Turkey’s new central bank governor has vowed to rebuild the nation’s depleted foreign exchange reserves, as he signalled a sharp change in direction after two years of a highly contentious policy of currency intervention. The lira gained as much as 0.7 per cent against the dollar after Naci Agbal, who was appointed last month, struck a hawkish tone in his first press conference as he set out his approach for the year ahead. Mr Agbal, a former bureaucrat and ruling party member of parliament who was appointed central bank chief after Turkish president Recep Tayyip Erdogan sacked his predecessor, announced that the bank would no longer sell dollars to prop up the lira — a policy that has cost about $150bn over the past two years, according to a Goldman Sachs estimate, and taken a heavy toll on reserves.
He added that the central bank aimed “to strengthen foreign exchange reserves gradually” over the year ahead, adding that, when there were sufficient inflows of foreign capital and a decline in Turkish citizens’ proclivity for buying dollars, the bank would seek to begin auctions to buy foreign currency to rebuild its war chest. Mr Agbal said that there could be a “gradual” unravelling of the use of currency swaps with commercial lenders that have masked the decline in the central bank’s reserves. The previous currency policy was overseen by Berat Albayrak, the son-in-law of Mr Erdogan, who resigned last month as finance minister. Before his departure, economists had warned that low interest rates, a plunging currency, an exodus of foreign capital and dwindling reserves were pushing the country’s $750bn economy to the brink of a crisis. Mr Agbal added that the bank was aware of the need for a “permanent and convincing improvement in inflation”, which reached 14 per cent in November, according to official data. He indicated that he would be willing to further raise the bank’s main interest rate — which he lifted to 15 per cent last month — in order to achieve it.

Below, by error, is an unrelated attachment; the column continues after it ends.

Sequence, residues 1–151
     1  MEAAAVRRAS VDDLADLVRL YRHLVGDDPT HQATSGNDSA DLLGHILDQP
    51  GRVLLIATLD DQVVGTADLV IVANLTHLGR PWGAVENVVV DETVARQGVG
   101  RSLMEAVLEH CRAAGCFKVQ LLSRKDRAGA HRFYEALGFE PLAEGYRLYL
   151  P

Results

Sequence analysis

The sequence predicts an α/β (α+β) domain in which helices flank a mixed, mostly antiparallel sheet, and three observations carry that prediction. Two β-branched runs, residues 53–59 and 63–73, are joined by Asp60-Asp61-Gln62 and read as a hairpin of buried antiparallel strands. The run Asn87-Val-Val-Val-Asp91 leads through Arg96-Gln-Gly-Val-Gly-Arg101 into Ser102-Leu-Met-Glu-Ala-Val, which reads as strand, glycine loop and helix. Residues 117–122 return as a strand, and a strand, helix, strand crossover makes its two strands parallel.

He also promised to do away with a complicated system of multiple interest rates that have long been seen by investors and analysts as opaque and unhelpful. Mr Agbal’s comments will be welcomed by foreign investors, who have bought close to $2bn of Turkish stocks and bonds over the past four weeks amid optimism that Mr Erdogan has been convinced of the error of previous policies. Yet questions remain about the new governor’s mandate to act to tackle Turkey’s chronic double-digit inflation given the Turkish president’s notoriously strong views about interest rates. Mr Erdogan has called high interest “the mother and father of all evil” and has frequently intervened in the central bank’s work, sacking two of its governors in the past 18 months. Mr Agbal declined to talk about discussions he had held with the president or reassurances that he had received from him, saying only that when the bank’s leadership was “developing any policy, setting any goal, taking any decision, it is their fundamental duty to convince all stakeholders”.